Irish Times article features IFFOR's Irvine

The following article was published in the Irish Times on 23 September 2011. Read it on the Irish Times website here.


 

An internet venture by the ‘acceptable face of porn’ stresses child protection and regulation, writes KARLIN LILLINGTON

CALIFORNIAN JOAN Irvine is instantly likable. Outgoing, charming, immaculately dressed for business, mature – she exactly fits the professional image of what she is: the executive director of a new international organisation. She blends perfectly into the high-end business tete-a-tete atmosphere of the tea room in the Four Seasons hotel in Ballsbridge.

“People always say, ‘You look like a newscaster’ – or sometimes, like their mother,” she says, laughing.

It is only when her voice occasionally drops discreetly to note some particular point about her relatively new appointment, or the industry her organisation represents, that one is reminded incongruously that Irvine is the acceptable face of the pornography industry.

Or rather, as she always carefully and professionally puts in: the adult entertainment industry.

Irvine, who has spent nearly a decade advocating a responsible side to a controversial industry, runs IFFOR (the International Foundation For Online Responsibility), the organisation that makes the policy for the soon-to-be-launched .xxx internet domain.

A company called ICM Registry, which won the right to manage the new domain from the global net administration body ICANN, is business administrator for the domain.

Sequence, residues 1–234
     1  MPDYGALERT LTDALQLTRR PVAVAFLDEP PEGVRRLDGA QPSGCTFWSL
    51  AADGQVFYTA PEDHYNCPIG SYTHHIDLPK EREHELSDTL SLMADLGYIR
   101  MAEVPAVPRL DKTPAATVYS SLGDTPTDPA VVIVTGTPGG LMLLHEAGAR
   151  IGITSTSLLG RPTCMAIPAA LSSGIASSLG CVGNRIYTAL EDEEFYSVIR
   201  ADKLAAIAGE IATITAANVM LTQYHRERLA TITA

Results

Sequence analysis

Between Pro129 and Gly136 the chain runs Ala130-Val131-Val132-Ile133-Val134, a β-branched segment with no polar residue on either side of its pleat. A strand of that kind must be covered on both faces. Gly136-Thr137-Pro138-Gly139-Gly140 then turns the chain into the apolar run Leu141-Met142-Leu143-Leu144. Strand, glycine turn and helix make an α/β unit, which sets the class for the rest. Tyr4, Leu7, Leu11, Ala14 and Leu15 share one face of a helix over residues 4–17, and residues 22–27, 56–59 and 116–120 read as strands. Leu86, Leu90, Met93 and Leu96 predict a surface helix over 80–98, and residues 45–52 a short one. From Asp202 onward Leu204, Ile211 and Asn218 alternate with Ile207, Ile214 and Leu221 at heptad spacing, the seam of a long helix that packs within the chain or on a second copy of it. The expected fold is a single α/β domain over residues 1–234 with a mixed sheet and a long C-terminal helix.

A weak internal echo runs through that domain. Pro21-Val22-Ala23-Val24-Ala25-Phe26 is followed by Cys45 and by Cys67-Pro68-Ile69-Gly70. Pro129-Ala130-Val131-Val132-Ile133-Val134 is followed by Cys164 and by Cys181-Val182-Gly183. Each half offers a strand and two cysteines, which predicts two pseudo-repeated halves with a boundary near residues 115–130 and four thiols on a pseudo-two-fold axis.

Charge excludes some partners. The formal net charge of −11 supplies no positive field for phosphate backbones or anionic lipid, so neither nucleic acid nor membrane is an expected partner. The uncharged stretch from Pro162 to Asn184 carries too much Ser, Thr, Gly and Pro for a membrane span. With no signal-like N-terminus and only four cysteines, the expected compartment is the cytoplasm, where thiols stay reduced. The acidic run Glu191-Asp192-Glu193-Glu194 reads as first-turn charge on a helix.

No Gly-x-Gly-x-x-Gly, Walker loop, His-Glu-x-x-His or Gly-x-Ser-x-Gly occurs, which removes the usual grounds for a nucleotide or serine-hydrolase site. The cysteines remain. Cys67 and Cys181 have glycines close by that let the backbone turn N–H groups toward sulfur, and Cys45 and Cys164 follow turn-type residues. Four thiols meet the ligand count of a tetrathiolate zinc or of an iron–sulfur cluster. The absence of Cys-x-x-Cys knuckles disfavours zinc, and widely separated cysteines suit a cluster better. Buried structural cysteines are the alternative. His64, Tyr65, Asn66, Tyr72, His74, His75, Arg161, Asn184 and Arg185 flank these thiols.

Almost immediately, the proposed domain became embroiled in controversy. On one side, the industry feared it would be forcibly shunted off to the domain and would have to pay a premium for .xxx ($100), compared to the cheap .coms most already inhabit (widely available for less than $10).

On the other side, some – from politicians to religious groups – argued the domain was “legitimising” the online pornography industry and could end up helping promote illegal activity such as child pornography.

Eventually, ICANN approved .xxx as a sponsored industry domain, in which part of the management agreement stipulates the creation of a policy body – IFFOR, paid for directly by a portion of every .xxx registration – $10 of the $100 fee.

The group’s policy council has representation from experts in privacy and security, child protection and free speech, as well as nine adult industry figures. The board is chaired by the chief executive of ICM Registry, Stuart Lawley. One expects policy discussions will be a lot more interesting than at a typical business board meeting.

Politicking around the domain indicates that some clearly feel sceptical of the adult industry’s commitment to self-regulation, monitoring and child protection. However Irvine – a recognised advocate for child protection who worked to develop labelling technologies for adult websites, and who has received a commendation award from the US Congress – says any serious adult business wants to focus on adult customers and keep children well away.

For adult sites to get a .xxx domain, they must go through a complex process that includes verified contact checks, she says. Domains will automatically be bundled with McAfee security software to monitor for the malware and viruses often associated with rogue pornography sites. Sites within the .xxx domain will also be labelled so that parental control systems will pick them up.

“There are benefits to adult entertainment companies to buy a .xxx and there will be returns on investment,” she says. Along with having McAfee protecting the site and having child protections built into the domain, ICM Registry will be developing a .xxx portal to help people find sites, she says.

“A lot of it is so people can feel more comfortable. A lot of people were getting scared to go to adult sites, afraid there’d be child pornography and viruses.”